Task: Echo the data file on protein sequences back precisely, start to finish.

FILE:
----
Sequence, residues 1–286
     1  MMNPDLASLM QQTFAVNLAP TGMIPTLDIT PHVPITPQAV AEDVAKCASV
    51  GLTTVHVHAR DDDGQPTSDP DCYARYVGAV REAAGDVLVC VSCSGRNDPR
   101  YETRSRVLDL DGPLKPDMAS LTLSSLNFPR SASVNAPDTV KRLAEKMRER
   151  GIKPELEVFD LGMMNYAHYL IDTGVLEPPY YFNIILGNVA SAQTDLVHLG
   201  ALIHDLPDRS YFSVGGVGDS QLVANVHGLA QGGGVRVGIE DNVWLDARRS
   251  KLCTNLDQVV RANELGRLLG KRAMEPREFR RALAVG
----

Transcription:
Sequence, residues 1–286
     1  MMNPDLASLM QQTFAVNLAP TGMIPTLDIT PHVPITPQAV AEDVAKCASV
    51  GLTTVHVHAR DDDGQPTSDP DCYARYVGAV REAAGDVLVC VSCSGRNDPR
   101  YETRSRVLDL DGPLKPDMAS LTLSSLNFPR SASVNAPDTV KRLAEKMRER
   151  GIKPELEVFD LGMMNYAHYL IDTGVLEPPY YFNIILGNVA SAQTDLVHLG
   201  ALIHDLPDRS YFSVGGVGDS QLVANVHGLA QGGGVRVGIE DNVWLDARRS
   251  KLCTNLDQVV RANELGRLLG KRAMEPREFR RALAVG